Texas Nonprofits Hunting for More Spanish-Speaking Volunteers
By Esmeralda Coronado
For Reporting Texas
Big Brothers and Big Sisters of Central and South Texas is raising money for a television ad campaign this fall. The goal: recruiting more Spanish-speaking volunteers for a nonprofit that is having a hard time finding enough bilingual volunteers in an area with a growing Hispanic population.
Forty percent of the children the nonprofit serves are Hispanic, said Veronica Fox, the organization’s communications director. The children are bilingual, but their parents speak only Spanish, and the nonprofit needs to communicate with them as well, she said.
Six hundred children are on the waiting list for mentors, most of them boys who need Spanish-speaking mentors, Fox said. Some wait longer than the typical three to six months to get a mentor. The nonprofit matches adult mentors with children who need a positive, supportive relationship in their lives.
“Two of our biggest needs that never change are male mentors and bilingual Spanish-speaking mentors,” she said. “They don’t have to be Hispanic. Bilingual, period, is an ongoing need.”
Other Austin area nonprofits face the same problem. Family Eldercare and Caritas of Austin, among others, also need more Spanish-speaking volunteers, according to postings on volunteermatch.org, which helps nonprofits in Austin and other cities find volunteers. The Austin Humane Society wants Spanish-speaking greeters for its pet-adoption department.
The need is growing as the region’s Hispanic population expands at a rapid rate. Thirty-five percent of Austin residents are Hispanic, up from 31 percent in 2000, according to the city’s website. Latinos were 29 percent of Round Rock’s population in the 2010 Census, up from 22 percent in 2000. Twenty-two percent of people older than 5 in the Austin-San Marcos area speak Spanish at home, according to the U.S. Census Bureau.
Older Hispanics are more likely to be solely or mostly Spanish-speaking, while proficiency declines among younger people, according to the Pew Hispanic Center.
The Make-A-Wish Foundation also is in desperate need of Spanish-speaking volunteers. The nonprofit grants wishes, such as trips or meetings with celebrities, to children with life-threatening medical conditions. The Austin chapter serves 230 children a year. According to Charity Embry, the foundation’s operations and volunteer manager, a good portion of the clients come from families where the parents speak limited or no English.
Spanish-speaking volunteers are needed to translate for children from non-English-speaking families so the foundation can understand what the children want.
The foundation has about 300 active volunteers who serve an area from Temple to Laredo, including Central Texas. In the Austin area, there are 25 to 30 Spanish-speakers, Embry said.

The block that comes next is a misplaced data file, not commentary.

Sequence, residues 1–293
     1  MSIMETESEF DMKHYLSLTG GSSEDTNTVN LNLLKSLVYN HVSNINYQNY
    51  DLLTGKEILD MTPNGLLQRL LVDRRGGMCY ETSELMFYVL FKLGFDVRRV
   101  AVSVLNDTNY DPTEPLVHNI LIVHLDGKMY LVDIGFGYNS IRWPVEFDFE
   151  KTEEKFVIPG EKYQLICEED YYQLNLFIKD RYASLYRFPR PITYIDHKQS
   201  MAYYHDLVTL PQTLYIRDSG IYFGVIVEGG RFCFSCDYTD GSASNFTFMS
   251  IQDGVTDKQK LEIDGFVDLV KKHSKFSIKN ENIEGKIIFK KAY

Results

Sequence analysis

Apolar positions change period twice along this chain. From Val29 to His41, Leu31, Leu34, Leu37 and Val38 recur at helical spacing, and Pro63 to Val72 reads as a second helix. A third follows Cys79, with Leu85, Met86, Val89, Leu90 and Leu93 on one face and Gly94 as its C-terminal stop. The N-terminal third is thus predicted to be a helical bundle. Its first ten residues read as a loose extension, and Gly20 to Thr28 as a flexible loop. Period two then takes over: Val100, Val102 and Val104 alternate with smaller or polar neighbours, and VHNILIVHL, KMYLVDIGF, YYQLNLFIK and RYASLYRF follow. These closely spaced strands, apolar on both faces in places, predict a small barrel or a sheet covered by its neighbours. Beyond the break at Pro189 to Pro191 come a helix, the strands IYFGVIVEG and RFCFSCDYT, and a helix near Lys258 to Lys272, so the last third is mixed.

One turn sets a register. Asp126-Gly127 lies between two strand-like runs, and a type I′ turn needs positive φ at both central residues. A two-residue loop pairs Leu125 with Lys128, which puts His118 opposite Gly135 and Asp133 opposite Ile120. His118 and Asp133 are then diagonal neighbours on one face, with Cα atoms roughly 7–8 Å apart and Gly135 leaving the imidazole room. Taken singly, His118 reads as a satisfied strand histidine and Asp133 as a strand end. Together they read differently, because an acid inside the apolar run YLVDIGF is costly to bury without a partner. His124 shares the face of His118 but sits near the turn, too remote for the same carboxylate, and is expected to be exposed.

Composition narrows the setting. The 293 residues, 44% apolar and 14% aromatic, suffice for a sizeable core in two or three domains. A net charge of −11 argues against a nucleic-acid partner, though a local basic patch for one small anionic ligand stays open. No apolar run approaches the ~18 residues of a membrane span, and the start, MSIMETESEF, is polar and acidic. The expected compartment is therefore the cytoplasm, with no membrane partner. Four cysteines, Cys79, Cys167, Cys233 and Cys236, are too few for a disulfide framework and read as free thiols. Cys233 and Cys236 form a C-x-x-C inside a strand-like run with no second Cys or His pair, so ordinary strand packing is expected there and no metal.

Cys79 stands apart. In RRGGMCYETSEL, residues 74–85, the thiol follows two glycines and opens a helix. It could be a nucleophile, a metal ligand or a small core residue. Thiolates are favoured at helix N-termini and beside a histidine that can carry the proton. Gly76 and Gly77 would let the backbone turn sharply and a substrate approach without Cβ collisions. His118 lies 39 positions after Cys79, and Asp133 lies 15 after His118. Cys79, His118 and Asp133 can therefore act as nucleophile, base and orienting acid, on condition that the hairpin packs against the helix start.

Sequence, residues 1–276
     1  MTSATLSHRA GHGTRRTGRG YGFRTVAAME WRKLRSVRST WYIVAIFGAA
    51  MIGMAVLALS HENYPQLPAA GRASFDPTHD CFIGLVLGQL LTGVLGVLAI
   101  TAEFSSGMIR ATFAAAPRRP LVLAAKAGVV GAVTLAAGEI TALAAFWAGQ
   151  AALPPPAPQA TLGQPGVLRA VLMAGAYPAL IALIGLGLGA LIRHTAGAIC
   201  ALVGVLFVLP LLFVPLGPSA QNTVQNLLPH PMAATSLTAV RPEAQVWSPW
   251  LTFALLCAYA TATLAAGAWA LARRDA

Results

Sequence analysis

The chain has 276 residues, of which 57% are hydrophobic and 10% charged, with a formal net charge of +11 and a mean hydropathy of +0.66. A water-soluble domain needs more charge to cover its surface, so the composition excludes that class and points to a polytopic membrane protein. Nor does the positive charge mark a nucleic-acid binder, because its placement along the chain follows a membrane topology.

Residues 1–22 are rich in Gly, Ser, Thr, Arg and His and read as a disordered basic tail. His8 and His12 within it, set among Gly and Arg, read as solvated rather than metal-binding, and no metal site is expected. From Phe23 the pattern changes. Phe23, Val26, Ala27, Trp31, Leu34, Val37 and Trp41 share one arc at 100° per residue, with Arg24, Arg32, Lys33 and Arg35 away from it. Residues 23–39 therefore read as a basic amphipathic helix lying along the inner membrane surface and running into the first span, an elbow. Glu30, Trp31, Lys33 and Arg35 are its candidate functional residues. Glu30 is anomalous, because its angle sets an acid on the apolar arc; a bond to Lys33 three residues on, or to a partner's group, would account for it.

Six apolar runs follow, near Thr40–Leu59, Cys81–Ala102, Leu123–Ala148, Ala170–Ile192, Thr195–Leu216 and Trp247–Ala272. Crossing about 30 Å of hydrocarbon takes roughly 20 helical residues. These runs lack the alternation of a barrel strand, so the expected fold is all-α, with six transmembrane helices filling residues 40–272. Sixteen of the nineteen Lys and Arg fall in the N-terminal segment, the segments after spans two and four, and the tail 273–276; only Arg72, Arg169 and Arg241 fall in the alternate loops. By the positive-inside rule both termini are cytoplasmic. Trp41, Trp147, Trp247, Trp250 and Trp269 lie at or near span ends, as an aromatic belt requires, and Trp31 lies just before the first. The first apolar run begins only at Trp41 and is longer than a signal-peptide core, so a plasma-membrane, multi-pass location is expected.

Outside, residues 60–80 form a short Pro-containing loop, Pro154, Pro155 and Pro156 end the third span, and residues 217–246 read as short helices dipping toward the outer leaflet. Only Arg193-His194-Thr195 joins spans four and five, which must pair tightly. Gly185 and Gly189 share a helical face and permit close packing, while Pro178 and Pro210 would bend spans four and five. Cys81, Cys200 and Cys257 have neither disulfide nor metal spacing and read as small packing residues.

Embry said the lack of Spanish-speaking volunteers has always been a problem for the foundation and attributes it to the growing Austin population and the huge influx of Latinos. The nonprofit has put notices in publications and partnered with the Hispanic Chamber of Commerce. She said she doesn’t know whether people are not seeing the notices or are simply not responding.
Margie Norton, 59, who lives in Laredo, has volunteered with the organization for 15 years. Originally from Houston, she learned Spanish to assist in her work as a pediatric nurse.
Laredo volunteers through Make-A-Wish offices in Austin and San Antonio.
“So many times, they have to call me or other volunteers to translate. They can’t directly deal with families,” she said.
Within the past year, the foundation has hired two full-time bilingual wish-granting coordinators, Danielle Ceron, a 21-year-old University of Texas graduate, and Jessica Rivera, 28.
Embry said the coordinators have made it easier to grant the children’s wishes in a reasonable time.
“Having those wish-granting coordinators has been amazing,” Norton said. “It takes a lot of pressure off being the middleman between the office and families.”
Fox said Big Brothers and Big Sisters has reached out to professional groups and cultural centers looking for Spanish-speaking mentors.
“It’s not an easy identification,” she said. “We can’t know if someone is bilingual. It’s intangible, and that is why it takes longer.”
Sergio Romero, a professor in the Spanish and Portuguese Department at the University of Texas at Austin, said he wished nonprofits would pay for Spanish-speaking translators, instead of relying on volunteers to address the need.
And he said volunteers may need more than language skills, depending on what country the people they’re trying to help come from.
“You might be able to communicate in certain domains, terms, areas, but not in others,” he said. “In situations of translation, there might be someone there to speak the language, but that doesn’t mean your clients actually understand or share with you the cultural knowledge necessary for them to actually grasp what you are talking about.”